European Commission Turns the Spotlight on Fashion Houses, Antitrust Probe Underway
The European Commission (“EC” or “Commission”) announced this week that it has initiated unannounced inspections of—and issued formal requests for information from—multiple companies in the fashion industry in several European Union member states. Such raids and requests are the first steps in the Commission’s now-disclosed investigation into potential anticompetitive conduct in the fashion industry, specifically as to whether there have been violations of the cartel prohibition provision of Article 101 of the Treaty on the Functioning of the European Union and/or Article 53 of the European Economic Area Agreement, which prohibits other unfair business practices. In keeping with its regular practice, the EC did not disclose which companies were subject to these “dawn raids” and/or information requests, or which fashion types were the subject of its investigation.
Our European lawyers are highly regarded for their expertise in antitrust matters concerning the luxury and fashion industry. We assist a number of iconic brands in antitrust matters globally. With respect to Commission’s investigations, we are currently representing a fashion brand in an unrelated case before the Commission with respect to alleged anti-competitive conduct. Moreover, we have successfully represented several fashion brands in connection with the Russian Federal Anti-monopoly Service’s investigation in the luxury and fashion sector regarding potential pricing coordination, which was closed recently without any infringement decision. We are also representing a global fashion brand in the Commission’s investigation for an alleged abuse of dominant position.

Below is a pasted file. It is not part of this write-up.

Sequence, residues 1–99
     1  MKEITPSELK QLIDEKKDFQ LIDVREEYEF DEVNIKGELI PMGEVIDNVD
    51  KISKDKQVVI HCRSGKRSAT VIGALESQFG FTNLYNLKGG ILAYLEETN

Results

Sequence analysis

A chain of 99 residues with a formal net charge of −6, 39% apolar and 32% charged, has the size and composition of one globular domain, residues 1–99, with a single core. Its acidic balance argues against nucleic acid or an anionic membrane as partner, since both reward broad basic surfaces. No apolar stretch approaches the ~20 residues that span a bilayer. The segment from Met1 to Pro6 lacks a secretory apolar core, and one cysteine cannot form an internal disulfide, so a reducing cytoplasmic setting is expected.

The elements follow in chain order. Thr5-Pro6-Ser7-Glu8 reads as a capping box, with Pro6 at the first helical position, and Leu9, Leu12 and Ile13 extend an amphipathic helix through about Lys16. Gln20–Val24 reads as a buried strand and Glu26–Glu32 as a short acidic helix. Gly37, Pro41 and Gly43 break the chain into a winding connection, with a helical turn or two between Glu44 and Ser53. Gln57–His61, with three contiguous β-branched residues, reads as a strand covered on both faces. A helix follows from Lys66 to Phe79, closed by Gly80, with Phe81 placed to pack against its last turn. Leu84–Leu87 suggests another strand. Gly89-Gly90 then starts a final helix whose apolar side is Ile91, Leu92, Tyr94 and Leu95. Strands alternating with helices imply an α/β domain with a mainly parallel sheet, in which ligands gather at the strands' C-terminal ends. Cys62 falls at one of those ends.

Commission investigations often lead to coordinated investigations in other jurisdictions, including the United Kingdom and the United States. Despite Brexit, it is common for the United Kingdom’s Competition and Markets Authority (CMA) to collaborate closely with the Commission and other antitrust authorities. Similarly, the Deputy Assistant Attorney General of the Antitrust Division of the United States Department of Justice recently noted the Division’s “increased detection of cartels through engagement with the international community of enforcers.” And such investigations almost inevitably lead to civil class actions in the United States, which almost invariably name as defendants all market participants in an investigated industry, irrespective of whether a company has been directly investigated by a government enforcer.
K&L Gates has extensive experience in representing companies in response to antitrust investigations brought by the UK’s CMA, U.S. DOJ’s Antitrust Division, and other global competition enforcers. Likewise, our team of Chambers ranked litigators regularly defend clients against civil antitrust class actions brought in the United States.
Fashion brands should be alert to potential questions or parallel antitrust investigations being opened in the UK, the US and other jurisdictions as the industry is already under investigation by regulatory authorities for other issues. Cartel investigations often radiate out across the industry and it is wise to consult antitrust and competition counsel to assess and help mitigate your company’s risks.
By Michael E. Martinez and Brian J Smith